ALMODOVAR Twenty years later, I read it again and I didn’t like the style. It was a story of revenge. It was too “queeny.” And then I thought that really could be the seed of a bigger story. Changing the mood, the style. It was a very complex structure in cycles.
ALMODOVAR The story’s still about many different people that pretend to be someone else, and also the movie that they were shooting. So it took me around 20 years to write it. That doesn’t mean that I wrote it day after day. It was over a period of time. When I finished a movie I’d say, “Well let’s try again with Bad Education.” And then I improved it, because I was not satisfied with the material. It is necessary to have a feeling that everything is built. If you don’t have a script that is —
GALLOWAY — ironclad.
ALMODOVAR — ironclad, for me that is not a way to start a movie, even if I change it a lot. Because when you shoot, reality is completely different. All the abstractions that you thought while you were writing — you know, you have the actors — Gael Garcia Bernal, Fele Martinez, the director of photography, the production designer. Everything is very real and very alive. And your own material in contact with the different members of the crew or actors or makeup artists or just the DP becomes something different. And you have to take advantage of that difference. It’s alive, it’s fresh. But then sometimes it is not exactly what you thought about.
ALMODOVAR And you have to adapt. You have always to adapt when you are shooting. But always from one very solid, ironclad script.
GALLOWAY Tell us how you created one of your great films, All About My Mother, which is extremely layered and complicated.
GALLOWAY Let’s just take a look at a clip from that. It’s also a point in your career where you’d really started to turn towards darker and deeper material. It’s very interesting, because the film is dedicated to Romy Schneider, Bette Davis and Gena Rowlands —
ALMODOVAR Gena Rowlands, yes, you’re right.
GALLOWAY — and I think the John Cassavetes film Opening Night was an influence.
GALLOWAY So, let’s take a look at this scene where we discover Penelope Cruz is HIV-positive.
ALMODOVAR I was so lucky just to find these actresses. I was very, very, very lucky. When I see them — because I don’t see my movies [when they’re done], I’m always impressed by them, and I feel really, really grateful.
GALLOWAY A lot of your films refer to other films. This one refers to, obviously, All About Eve, and also A Streetcar Named Desire. Which one did it begin with it?
ALMODOVAR There is a third one that you mentioned before, Opening Night. Well, at the beginning of everything, if I can go so far, this movie [began with something] I read in El Pais, in the newspaper. In the National Transplant Organization there was a psychologist that actually worked with doctors in order to prepare them for how to deal with the family members, when asking them to donate a person’s organs. And, it was almost like a small, theatrical production where the nurses would play the grieving mother, or the relative, and of course, the doctors just played themselves. And it was very curious because the nurses were fantastic in that little theater play, and the doctors representing themselves, they were very bad. So that was the origin. Then, I thought — always coming to the patios of La Mancha — that my mother, and the neighbors, the female neighbors, had an incredible talent for pretending, for performing something that was not true in front of my father, or their husbands. Like a lie.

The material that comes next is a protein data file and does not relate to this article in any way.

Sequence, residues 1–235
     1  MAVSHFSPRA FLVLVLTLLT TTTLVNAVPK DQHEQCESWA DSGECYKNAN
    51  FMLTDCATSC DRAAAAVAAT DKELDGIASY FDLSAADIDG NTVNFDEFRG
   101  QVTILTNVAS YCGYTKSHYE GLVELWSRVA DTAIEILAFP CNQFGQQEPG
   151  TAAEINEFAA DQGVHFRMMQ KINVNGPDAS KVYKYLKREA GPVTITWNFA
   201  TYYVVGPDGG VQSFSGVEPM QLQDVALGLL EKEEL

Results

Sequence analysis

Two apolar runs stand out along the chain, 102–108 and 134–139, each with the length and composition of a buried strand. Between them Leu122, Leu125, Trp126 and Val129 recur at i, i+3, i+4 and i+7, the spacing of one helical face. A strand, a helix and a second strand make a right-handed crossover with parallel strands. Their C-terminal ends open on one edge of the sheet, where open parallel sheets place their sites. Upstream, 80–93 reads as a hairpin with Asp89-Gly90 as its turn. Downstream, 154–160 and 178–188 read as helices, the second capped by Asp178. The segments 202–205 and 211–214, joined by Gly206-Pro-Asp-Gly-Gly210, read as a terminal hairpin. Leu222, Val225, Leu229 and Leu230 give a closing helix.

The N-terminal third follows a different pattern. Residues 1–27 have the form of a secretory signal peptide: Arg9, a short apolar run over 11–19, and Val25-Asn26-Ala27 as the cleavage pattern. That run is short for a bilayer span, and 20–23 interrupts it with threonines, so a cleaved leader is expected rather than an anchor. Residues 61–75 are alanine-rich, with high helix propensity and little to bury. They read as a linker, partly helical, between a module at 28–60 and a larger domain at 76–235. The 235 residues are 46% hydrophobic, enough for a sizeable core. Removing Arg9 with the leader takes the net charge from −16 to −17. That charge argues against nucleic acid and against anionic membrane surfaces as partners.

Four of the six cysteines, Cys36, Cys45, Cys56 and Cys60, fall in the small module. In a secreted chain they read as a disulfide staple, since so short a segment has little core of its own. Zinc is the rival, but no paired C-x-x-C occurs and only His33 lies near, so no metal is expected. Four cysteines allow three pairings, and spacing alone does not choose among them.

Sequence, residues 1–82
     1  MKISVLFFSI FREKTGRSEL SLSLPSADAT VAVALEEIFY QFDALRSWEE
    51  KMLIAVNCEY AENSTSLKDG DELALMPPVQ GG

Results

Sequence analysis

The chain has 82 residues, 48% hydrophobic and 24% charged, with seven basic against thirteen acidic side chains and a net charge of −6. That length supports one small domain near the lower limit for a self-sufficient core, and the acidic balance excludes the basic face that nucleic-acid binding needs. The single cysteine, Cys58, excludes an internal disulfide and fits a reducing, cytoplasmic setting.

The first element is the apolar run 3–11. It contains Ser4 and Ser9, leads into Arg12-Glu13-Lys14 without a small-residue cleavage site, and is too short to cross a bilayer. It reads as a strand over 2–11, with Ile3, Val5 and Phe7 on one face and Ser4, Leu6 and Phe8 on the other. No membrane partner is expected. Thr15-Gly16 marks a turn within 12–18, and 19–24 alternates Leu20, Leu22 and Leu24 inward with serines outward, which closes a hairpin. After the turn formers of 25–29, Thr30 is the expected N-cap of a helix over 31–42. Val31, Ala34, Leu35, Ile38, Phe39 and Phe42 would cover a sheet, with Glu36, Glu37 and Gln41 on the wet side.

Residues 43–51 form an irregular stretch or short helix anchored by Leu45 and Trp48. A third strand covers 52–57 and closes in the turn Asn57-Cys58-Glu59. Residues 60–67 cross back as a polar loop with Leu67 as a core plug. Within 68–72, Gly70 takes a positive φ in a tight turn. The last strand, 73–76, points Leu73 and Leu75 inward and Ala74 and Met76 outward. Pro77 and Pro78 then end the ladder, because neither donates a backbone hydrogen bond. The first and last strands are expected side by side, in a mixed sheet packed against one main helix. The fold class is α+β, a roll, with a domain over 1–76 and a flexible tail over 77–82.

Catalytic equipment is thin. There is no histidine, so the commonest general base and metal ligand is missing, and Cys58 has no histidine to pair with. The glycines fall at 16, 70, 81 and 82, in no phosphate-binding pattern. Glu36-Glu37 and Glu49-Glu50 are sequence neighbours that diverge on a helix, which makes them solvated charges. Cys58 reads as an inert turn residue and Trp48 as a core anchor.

GALLOWAY You once said that you were fascinated by how they were always lying to your father.
ALMODOVAR Yes, yes, yes. They lied to them about things that were happening during the day. I mean, lying with that intention not to create problems. Lies relating to us. And they did it very well. You know, I’m a big believer in matriarchal [society], because they really governed the house in the shadows. The men didn’t realize that they were treated like that. So, I wanted to make a movie about someone that can act very well in life — well enough to be on a stage. And then I thought about Opening Night, which was essential at the beginning. So I had this woman who was one of these nurses who worked for the National Transplant Organization, who took her son to go see the play of A Streetcar Named Desire. The inspiration was when Gena Rowlands gets out of the theater and people are there trying to get her autograph. It’s raining, and then one groupie, crazy with a hot head, tries to ask for an autograph, and she goes directly into the car, and immediately there’s an accident, when the groupie died because of the car. This is what I did, more or less. More or less, because I put it on a rainy day. Actually All About Eve is the origin of this title. There’s really three origins that are superimposed, one on the other. So there’s the scene where Anne Baxter goes to see Bette Davis’s character. And also from A Streetcar Named Desire, the scene with the diva who plays Blanche. And I put it all together just to make my own tale. This nurse could act very well, and she in one moment became like Eve Harrington trying to help the actress that is performing Blanche DuBois, but the diva has her own problems. She drinks a lot. She has a lot of problems with a lover and all that. That structure — in English it’s a nightmare for me to explain it.